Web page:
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Small ubiquitin-related modifiers (SUMO1 and SUMO2) are ubiquitin family proteins, structurally similar to ubiquitin, differing in terms of their amino acid sequence and functions. Therefore, they provide a great platform for investigating sequence-structure-stability-function relationship. Here, we used chemical denaturation in comparing the folding-unfolding pathways of the SUMO proteins with their structural homologue ubiquitin (UF45W-pseudo wild-type [WT] tryptophan variant) with structurally analogous tryptophan mutations (SUMO1 [S1F66W], SUMO2 [S2F62W]). Equilibrium denaturation studies report that ubiquitin is the most stable protein among the three. The observed denaturant-dependent folding rates of SUMOs are much lower than ubiquitin and primarily exhibit a two-state folding pathway unlike ubiquitin, which has a kinetic folding intermediate. We hypothesize that, as SUMO proteins start off as slow folders, they avoid stabilizing their folding intermediates and the presence of which might further slow-down their folding rates. The denaturant-dependent unfolding of ubiquitin is the fastest, followed by SUMO2, and slowest for SUMO1. However, the spontaneous unfolding rate constant is the lowest for ubiquitin (~40 times), and similar for SUMOs. This correlation between thermodynamic stability and kinetic stability is achieved by having different unfolding transition state positions with respect to the solvent-accessible surface area, as quantified by the Tanford β u values: ubiquitin (0.42) > SUMO2 (0.20) > SUMO1 (0.16). The results presented here highlight the unique energy landscape features which help in optimizing the folding-unfolding rates within a structurally homologous protein family. © 2019 Wiley Periodicals, Inc.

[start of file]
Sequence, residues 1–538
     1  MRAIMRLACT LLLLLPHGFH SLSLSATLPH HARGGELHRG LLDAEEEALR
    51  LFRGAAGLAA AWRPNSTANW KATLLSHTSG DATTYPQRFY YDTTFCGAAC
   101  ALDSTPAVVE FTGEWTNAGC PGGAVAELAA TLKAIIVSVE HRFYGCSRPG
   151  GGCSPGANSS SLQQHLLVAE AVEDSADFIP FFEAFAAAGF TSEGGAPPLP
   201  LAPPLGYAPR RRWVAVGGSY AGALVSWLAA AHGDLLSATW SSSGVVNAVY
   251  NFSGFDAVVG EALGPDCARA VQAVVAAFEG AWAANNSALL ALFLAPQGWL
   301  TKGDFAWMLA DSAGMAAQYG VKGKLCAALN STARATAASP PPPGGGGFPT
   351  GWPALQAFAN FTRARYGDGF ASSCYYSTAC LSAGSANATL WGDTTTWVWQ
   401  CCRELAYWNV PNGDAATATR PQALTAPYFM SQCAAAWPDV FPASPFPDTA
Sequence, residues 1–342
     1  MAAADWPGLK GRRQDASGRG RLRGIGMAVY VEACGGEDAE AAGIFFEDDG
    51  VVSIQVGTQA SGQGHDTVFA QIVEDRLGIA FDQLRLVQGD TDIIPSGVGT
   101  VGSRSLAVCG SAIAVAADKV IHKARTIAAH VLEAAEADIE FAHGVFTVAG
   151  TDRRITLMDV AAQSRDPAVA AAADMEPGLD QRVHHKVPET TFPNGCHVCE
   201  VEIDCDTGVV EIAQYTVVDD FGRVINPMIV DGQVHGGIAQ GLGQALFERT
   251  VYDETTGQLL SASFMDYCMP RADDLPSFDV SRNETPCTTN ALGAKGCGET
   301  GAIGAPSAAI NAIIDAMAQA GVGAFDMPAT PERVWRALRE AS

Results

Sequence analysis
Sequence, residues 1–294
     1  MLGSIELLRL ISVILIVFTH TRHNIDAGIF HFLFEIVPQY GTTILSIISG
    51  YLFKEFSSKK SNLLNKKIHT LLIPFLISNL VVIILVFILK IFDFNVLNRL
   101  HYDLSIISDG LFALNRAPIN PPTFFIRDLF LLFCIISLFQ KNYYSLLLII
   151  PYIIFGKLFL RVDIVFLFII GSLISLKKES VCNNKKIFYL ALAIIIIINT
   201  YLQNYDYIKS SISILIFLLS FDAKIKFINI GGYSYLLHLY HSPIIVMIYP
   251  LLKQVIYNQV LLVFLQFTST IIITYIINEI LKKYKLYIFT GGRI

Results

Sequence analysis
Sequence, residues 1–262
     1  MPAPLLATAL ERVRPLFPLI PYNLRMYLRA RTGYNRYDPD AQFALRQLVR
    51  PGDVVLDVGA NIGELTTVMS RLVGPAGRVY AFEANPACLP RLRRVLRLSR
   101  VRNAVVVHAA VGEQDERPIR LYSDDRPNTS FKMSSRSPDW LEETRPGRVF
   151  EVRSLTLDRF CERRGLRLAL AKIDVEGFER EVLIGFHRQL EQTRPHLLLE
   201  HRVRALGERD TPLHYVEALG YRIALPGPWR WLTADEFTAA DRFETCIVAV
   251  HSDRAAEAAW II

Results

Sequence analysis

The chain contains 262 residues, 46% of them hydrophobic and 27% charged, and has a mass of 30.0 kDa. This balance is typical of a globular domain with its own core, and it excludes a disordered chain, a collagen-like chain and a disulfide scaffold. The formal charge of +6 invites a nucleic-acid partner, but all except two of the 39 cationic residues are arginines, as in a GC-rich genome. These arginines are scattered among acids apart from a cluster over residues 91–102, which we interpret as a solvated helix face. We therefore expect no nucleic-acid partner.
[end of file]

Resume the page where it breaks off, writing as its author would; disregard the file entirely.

Tathagata Nandi, Anju Yadav, Sri Rama Koti Ainavarapu. Experimental comparison of energy landscape features of ubiquitin family proteins. Proteins. 2020 Mar;88(3):449-461

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PMID: 31587348

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